Feeling Obligated? Learn How to Get Out
Do you ever feel obligated to do things that you don’t actually want to do? Do you find yourself sacrificing your time and your energy for others on a consistent basis?
Do you find yourself…
Going for dinner with people you don’t actually want to hang out with because your partner says you “have to?”
Helping your kids with homework you don’t really understand?
Attending conferences and professional events that bore you to tears because it’s what’s “expected of you?”
Inviting friends over for cocktails when you are exhausted because it’s “important to reciprocate?”
Banging your head against the wall trying to help your parents figure out their technology issues?
Feeling like you have no time for yourself because you’re obligated to help other people?
If any of these examples resonate with you, you are not alone. Here is the story of how one of my clients got trapped into doing another family’s laundry for months because she made an innocent offer and felt obligated to be “nice” and “maintain her integrity.”
Catherine is a chiropractor. She has been in business for nearly 30 years and has built a family-oriented business with clients who typically come to see her regularly for the span of their lives.
One day, she was adjusting a patient when something seemed askew. Her extensive experience told her that something was off and needed immediate medical attention. Without completely sharing her suspicions, she sent her patient right to the hospital’s emergency unit. Shortly after examination and testing, her patient was diagnosed with bowel cancer. Luckily, Dr. Cathy caught it early on and the patient was able to have it treated right away.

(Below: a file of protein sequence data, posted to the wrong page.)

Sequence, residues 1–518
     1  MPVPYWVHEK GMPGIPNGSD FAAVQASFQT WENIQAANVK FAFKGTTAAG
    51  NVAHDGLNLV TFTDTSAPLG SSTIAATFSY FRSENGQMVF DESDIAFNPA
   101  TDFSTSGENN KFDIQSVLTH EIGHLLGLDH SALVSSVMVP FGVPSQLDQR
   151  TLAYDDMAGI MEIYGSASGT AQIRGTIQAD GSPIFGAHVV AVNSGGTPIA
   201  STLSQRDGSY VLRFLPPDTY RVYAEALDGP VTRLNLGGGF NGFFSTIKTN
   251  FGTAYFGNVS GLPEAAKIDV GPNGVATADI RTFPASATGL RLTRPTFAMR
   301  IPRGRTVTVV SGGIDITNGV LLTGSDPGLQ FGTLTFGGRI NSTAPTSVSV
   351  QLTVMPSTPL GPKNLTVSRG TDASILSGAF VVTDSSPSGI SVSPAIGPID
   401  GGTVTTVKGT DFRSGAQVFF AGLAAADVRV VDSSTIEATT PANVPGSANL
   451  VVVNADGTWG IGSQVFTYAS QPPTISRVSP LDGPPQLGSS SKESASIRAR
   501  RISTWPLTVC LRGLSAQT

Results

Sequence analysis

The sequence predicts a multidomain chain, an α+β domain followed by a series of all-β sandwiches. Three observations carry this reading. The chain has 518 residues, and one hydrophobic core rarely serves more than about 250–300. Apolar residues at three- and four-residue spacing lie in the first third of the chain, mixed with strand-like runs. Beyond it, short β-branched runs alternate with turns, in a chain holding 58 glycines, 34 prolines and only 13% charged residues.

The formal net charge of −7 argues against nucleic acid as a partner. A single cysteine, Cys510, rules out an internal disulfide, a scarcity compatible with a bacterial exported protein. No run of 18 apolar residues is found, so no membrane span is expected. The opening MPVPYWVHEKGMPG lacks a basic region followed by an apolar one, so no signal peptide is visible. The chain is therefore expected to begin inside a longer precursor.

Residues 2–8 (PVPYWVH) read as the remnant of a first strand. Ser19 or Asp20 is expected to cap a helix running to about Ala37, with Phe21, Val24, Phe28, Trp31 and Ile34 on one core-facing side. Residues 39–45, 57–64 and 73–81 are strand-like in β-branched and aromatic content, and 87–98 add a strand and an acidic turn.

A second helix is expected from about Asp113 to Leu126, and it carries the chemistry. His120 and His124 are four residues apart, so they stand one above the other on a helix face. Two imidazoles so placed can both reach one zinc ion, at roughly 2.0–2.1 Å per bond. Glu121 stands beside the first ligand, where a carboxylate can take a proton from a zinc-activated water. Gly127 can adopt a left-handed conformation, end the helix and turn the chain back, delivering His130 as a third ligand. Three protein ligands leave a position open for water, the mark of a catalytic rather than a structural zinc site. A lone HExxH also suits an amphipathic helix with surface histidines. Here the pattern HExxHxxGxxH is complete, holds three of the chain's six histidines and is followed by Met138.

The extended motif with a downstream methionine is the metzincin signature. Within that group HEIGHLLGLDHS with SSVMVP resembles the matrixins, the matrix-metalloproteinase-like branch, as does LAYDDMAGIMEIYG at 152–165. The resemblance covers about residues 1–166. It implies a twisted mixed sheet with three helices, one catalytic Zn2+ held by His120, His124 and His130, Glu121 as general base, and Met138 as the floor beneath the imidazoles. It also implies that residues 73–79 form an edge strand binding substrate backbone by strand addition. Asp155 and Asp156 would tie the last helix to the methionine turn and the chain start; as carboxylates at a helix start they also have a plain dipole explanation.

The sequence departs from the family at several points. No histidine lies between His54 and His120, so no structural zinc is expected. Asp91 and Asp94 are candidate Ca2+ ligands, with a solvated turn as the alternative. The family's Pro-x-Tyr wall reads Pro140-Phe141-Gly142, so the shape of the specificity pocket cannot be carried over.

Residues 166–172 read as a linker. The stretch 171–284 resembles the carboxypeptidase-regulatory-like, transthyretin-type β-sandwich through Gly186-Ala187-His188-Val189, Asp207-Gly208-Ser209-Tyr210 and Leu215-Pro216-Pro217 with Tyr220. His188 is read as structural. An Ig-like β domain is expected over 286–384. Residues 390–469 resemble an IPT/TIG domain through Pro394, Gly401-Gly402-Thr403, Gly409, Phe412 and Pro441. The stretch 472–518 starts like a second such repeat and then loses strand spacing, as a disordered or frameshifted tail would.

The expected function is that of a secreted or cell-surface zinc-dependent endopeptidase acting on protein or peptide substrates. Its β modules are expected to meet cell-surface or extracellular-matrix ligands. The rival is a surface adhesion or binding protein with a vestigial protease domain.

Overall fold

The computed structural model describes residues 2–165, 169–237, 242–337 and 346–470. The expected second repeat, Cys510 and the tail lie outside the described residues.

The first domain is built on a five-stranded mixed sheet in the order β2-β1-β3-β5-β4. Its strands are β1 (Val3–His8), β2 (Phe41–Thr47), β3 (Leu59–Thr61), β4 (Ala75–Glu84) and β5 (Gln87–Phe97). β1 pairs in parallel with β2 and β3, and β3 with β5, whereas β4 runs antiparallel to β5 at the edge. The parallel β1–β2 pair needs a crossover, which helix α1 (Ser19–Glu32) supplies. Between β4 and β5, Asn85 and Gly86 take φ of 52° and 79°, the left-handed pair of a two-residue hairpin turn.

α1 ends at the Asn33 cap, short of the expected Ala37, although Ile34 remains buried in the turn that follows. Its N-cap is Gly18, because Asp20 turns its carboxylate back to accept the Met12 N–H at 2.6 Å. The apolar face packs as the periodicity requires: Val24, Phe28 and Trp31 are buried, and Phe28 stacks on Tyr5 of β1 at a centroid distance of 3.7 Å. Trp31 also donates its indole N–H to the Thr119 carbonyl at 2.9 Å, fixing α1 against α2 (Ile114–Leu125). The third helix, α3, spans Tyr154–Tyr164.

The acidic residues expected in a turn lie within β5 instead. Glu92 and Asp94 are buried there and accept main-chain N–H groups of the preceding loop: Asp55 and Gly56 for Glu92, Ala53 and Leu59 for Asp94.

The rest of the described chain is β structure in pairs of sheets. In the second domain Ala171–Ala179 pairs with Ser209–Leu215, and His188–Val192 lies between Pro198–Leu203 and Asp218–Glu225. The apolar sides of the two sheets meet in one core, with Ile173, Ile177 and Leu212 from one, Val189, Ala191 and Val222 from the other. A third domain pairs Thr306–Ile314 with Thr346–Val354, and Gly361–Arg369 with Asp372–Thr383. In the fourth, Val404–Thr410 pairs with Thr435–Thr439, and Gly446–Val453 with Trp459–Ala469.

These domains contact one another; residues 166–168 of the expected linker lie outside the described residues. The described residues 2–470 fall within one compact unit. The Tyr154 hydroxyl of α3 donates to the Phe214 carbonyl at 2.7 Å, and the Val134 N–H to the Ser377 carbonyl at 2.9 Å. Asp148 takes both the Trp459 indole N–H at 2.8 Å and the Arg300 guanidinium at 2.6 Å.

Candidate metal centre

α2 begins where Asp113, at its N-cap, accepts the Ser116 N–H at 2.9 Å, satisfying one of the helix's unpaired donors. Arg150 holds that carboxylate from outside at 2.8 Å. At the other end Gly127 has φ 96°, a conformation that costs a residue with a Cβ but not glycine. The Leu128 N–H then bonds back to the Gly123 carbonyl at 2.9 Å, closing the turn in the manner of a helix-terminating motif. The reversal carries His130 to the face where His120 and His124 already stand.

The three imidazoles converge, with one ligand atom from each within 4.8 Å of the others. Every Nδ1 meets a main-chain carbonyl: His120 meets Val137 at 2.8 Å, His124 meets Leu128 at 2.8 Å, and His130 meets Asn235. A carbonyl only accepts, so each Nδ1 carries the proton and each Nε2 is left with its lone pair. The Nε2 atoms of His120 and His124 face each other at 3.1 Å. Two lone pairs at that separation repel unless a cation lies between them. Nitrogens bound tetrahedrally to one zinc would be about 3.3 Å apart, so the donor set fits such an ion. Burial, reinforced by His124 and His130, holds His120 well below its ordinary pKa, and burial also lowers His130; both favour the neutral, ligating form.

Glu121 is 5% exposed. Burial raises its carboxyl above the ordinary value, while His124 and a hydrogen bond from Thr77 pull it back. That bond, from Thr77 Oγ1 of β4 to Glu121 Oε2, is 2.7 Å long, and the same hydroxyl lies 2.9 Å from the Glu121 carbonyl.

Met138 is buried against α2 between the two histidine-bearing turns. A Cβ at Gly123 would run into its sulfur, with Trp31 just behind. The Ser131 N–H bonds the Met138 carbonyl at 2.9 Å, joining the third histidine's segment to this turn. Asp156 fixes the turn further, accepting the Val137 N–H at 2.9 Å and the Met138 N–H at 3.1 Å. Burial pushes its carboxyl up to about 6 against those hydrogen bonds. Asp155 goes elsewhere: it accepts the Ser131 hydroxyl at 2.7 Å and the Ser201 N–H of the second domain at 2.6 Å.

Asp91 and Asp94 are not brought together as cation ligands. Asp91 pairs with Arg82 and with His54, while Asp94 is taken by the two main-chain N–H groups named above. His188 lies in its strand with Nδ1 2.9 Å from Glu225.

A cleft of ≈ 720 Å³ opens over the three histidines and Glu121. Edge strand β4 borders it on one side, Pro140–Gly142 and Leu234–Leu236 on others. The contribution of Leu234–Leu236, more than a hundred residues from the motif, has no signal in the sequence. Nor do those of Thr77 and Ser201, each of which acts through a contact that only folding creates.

The patient was extremely grateful to Dr. Cathy and shared her gratitude with her. Dr. Cathy felt relieved that her patient would receive the proper care and offered further support by saying, “Let me know if there’s anything else I can help you with.”
Catherine was somewhat surprised when two weeks later, she received a call from her patient wanting to take her up on her offer.
Her patient asked her if she would please help by doing the family’s laundry.
Catherine felt obligated – the poor woman had cancer – and she had offered to help… It was important for Catherine to maintain her integrity.
So for four whole months, Catherine did the laundry for this family of five!
When I heard this story, I was not surprised. Catherine is just that type of person – good to the core. However, there was no question in my mind that she allowed herself to get trapped in a situation that she really did not want to be in. When Catherine had offered help, in her mind, she had been offering chiropractic support. She was not signing up for laundry duty.
She has since discovered that offering specific help works out far better for her. She will say things like, “Let me know if there’s any chiropractic help I can offer you” or “I am making lasagna tonight – I would be happy to make an extra one and bring it over.”
Keeping the promises that you make to others is important, but sacrificing your own happiness isn’t necessary. When it comes to “obligations,” if helping someone out makes you feel great, go for it! But if it wears you down, take a step back or find an alternative.
Make a list of your obligations in any given week. How many of them do you actually enjoy doing? Which ones do you dread? Can you cross them off your list completely, find a more enjoyable way to achieve the same results or even delegate them? Or are you stumped as to how to get rid of the obligations you are burdened by?
If it’s the latter, know that it’s your thinking that is getting in your way and causing you stress, not the obligations themselves. Thankfully, helping you shift your thoughts to ones that serve you is what we do best. Click here to learn more.